Author: Greg Perreault

  • Ann Arbor loses the News

    On July 24, the Chicago Tribune printed a mournful column, lamenting the death of the Ann Arbor News. Unlike many other cities, the death of the Ann Arbor News is the death of the only major news source in the area.

    The News was not just a hometown paper for the 114,000 residents of this university town about 45 miles west of Detroit, it was the hometown paper. Ann Arbor has become the first American city of any size to lose its only full-time daily.


    But perhaps understandably(less so for the many journalists sitting in the seats), they are starting from the ground up. The editors are trying a business model that has been semi-successful for other digital news outlets: small staff, small circulation, niche advertising (see and the top story this morning is dead swans).

  • The Unvampire-like Vampires of True Blood

    So I just finished reading the book Dead Until Dark, by Charlene Harris. As a fantasy fiction writer, I try to keep up with the hot trends in books, movies, television etc. and True Blood (which is based on Dead Until Dark) has been getting quite a bit of press. If you've watched an episode, it's easy to see why. You've got sex, you've got murder and you've got...well, more sex.

    But I have to admit, I've always liked a good vampire story. I'm the kid that grew up reading Stephen King and Anne Rice (I was actually forbidden to read Anne Rice, so I would sneak the books out of my mothers bedroom or read chapters at a time at the local bookstore). I plowed through Salem's Lot while in grade school and then Dracula while on a family trip one heart-racing summer not long after. Dead Until Dark itself isn't brilliant. It's basic pop fiction fare: lots of dialog, little description, a fast-paced plot that ends in about 300 pages. What is brilliant is the world she creates. Because Harris departs from the traditional vampire lore in some very interesting ways:

  • Arlington: The Rap

    It would not seem appropriate to have a blog based in Washington without drawing attention this brilliant video. This video has taken Washington by storm with this appearing on the local NBC, FOX and ABC stations (they do some pretty hard-hitting reporting here in the district).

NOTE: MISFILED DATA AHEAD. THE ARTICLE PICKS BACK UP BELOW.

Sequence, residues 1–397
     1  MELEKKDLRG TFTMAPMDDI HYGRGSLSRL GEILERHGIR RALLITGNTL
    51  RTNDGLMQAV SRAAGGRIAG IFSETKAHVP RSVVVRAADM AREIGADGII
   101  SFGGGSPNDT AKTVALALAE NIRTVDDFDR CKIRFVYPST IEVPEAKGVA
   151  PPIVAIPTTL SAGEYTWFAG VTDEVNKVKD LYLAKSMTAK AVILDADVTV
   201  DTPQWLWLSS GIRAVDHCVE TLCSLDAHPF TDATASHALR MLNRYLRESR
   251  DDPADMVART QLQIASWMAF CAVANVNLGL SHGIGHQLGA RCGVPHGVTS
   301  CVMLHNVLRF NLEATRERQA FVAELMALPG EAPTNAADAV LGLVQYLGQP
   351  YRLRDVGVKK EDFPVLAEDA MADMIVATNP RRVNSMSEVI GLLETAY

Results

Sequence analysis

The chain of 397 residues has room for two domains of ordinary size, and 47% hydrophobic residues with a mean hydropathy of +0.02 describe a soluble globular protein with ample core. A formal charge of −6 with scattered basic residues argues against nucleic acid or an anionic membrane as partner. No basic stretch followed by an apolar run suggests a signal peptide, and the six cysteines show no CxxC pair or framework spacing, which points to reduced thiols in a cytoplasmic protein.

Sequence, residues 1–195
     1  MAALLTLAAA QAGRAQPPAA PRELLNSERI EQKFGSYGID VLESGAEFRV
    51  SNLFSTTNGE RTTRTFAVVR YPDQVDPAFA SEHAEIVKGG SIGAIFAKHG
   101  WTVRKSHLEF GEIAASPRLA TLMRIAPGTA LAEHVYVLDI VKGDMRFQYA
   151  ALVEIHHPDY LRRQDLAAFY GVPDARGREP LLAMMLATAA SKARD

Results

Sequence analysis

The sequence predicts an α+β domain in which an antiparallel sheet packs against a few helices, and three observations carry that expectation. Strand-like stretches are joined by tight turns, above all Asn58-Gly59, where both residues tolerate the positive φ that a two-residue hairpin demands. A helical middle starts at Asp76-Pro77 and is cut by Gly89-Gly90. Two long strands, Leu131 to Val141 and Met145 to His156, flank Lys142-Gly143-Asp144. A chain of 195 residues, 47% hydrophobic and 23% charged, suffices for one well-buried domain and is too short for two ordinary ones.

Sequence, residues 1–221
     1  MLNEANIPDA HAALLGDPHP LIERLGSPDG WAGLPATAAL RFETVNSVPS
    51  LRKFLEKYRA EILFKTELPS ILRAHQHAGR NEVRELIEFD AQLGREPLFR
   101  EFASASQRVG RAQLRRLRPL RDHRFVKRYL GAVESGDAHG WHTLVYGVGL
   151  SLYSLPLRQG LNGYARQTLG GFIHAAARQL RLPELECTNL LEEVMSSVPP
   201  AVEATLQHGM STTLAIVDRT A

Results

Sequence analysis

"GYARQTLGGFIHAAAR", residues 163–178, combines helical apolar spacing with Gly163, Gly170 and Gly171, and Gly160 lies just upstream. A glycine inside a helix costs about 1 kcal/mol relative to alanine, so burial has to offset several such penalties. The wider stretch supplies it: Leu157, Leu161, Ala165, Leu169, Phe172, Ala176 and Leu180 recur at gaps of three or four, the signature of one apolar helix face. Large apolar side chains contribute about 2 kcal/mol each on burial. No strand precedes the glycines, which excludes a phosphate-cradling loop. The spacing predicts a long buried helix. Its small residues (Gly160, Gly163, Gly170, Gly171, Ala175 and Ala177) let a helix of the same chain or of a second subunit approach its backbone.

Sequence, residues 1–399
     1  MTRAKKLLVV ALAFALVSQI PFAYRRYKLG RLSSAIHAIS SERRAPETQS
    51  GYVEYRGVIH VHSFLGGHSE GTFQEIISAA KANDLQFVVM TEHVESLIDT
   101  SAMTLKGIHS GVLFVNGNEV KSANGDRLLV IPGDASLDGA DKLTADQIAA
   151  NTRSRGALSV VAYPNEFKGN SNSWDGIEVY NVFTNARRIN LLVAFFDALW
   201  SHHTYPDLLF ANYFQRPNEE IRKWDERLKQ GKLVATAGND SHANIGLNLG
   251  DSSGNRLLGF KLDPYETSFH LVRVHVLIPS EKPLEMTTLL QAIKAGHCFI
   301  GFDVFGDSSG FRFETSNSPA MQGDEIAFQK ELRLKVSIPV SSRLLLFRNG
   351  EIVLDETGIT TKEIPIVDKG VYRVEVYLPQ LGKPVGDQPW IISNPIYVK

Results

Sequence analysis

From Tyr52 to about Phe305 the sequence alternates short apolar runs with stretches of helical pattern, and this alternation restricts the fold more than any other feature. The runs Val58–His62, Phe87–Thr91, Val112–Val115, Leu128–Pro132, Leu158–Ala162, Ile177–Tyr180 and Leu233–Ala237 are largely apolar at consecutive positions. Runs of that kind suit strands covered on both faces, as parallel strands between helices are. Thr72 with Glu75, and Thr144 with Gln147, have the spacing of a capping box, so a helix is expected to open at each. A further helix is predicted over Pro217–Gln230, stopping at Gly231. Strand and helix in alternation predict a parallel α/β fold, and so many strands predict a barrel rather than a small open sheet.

This is an ode to Arlington, the side of the river where alot of Georgetown students live. Of course, there are also alot of students who live in the district. Do they live in the district for th reasons mentioned in this video? I can't say for sure. But yes, probably.

  • Why Sony wins the video game wars

    Yes. I think Sony wins thevideo game wars. You will either find this statement (a) entirely credulous since I already sunk $600 into a 60GB Playstation 3 (personal bias revealed) or (b) entirely incredulous, because the Wii is clearly the fastest-selling system, and the XBox 360 has the most marketshare of next-generation games.


    Let me start by saying that there is nothing wrong with either of the other two systems. But here are my reasons for this statement.

  • 'Chuck' and the Future of Television

    It's no secret that I'm a TV geek. (Evidence: here, here, here, here and here.) But even those who aren't narrative nerds who love to watch serials in expectation of the next big plot twist have plenty of reason to love Chuck.


    For those who don't know Chuck, Chuck is the only quirky hour-long comedy about a Stanford flunky who works at a Geek Squad-style entity while solving top secret CIA investigations. Chuck is also unabashedly for the children of the '80s. Guest stars include Scott Bakula of Quantum Leap and Chevy Chase of the SNL and the Vacation franchise.

  • Putting a face to the Journalistic Crisis

    610xWhen I think of what is happening to the journalism industry, I think of Tim Pallesen. We worked in the same newsroom and represented opposite ends of spectrum. I was a year out of college after a short stint at a community newspaper; he was a weathered, longtime reporter in our area. He'd covered my area of South Florida for an excess of 30 years. He had a column that took a different location in our city each week and told us the history of it. He'd been there long enough to know it.

  • Our Generation, Unimaginative?

    In a recent article in the Atlantic, P.J. O'Rourke discusses the difficulty Disney's had in renovating the House of the Future attraction in Tomorrowland. The problem is of course that when it came out, folks apparently were willing to accept that the 1950s was the golden age of Americana (an ideology most recently and perhaps effectively argued against in AMC's "Mad Men.")